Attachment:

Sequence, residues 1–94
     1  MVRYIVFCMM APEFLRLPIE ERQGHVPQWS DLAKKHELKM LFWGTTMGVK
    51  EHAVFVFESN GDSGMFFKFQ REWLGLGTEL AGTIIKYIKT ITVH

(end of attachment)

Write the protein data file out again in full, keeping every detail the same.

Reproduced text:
Sequence, residues 1–94
     1  MVRYIVFCMM APEFLRLPIE ERQGHVPQWS DLAKKHELKM LFWGTTMGVK
    51  EHAVFVFESN GDSGMFFKFQ REWLGLGTEL AGTIIKYIKT ITVH